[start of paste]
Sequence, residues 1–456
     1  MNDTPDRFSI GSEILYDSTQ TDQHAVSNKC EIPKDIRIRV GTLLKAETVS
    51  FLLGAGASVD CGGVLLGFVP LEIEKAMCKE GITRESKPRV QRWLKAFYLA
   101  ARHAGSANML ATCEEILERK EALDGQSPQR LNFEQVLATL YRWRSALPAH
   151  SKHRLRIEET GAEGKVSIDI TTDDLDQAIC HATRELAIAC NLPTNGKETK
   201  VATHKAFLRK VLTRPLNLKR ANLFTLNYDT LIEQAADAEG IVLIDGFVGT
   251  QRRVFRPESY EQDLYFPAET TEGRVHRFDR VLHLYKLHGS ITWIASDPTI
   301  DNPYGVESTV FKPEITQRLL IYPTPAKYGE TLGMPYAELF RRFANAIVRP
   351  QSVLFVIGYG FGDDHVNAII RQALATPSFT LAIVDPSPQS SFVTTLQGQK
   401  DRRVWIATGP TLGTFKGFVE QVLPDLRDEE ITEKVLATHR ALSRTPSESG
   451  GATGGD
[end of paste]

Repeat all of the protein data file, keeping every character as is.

Sequence, residues 1–456
     1  MNDTPDRFSI GSEILYDSTQ TDQHAVSNKC EIPKDIRIRV GTLLKAETVS
    51  FLLGAGASVD CGGVLLGFVP LEIEKAMCKE GITRESKPRV QRWLKAFYLA
   101  ARHAGSANML ATCEEILERK EALDGQSPQR LNFEQVLATL YRWRSALPAH
   151  SKHRLRIEET GAEGKVSIDI TTDDLDQAIC HATRELAIAC NLPTNGKETK
   201  VATHKAFLRK VLTRPLNLKR ANLFTLNYDT LIEQAADAEG IVLIDGFVGT
   251  QRRVFRPESY EQDLYFPAET TEGRVHRFDR VLHLYKLHGS ITWIASDPTI
   301  DNPYGVESTV FKPEITQRLL IYPTPAKYGE TLGMPYAELF RRFANAIVRP
   351  QSVLFVIGYG FGDDHVNAII RQALATPSFT LAIVDPSPQS SFVTTLQGQK
   401  DRRVWIATGP TLGTFKGFVE QVLPDLRDEE ITEKVLATHR ALSRTPSESG
   451  GATGGD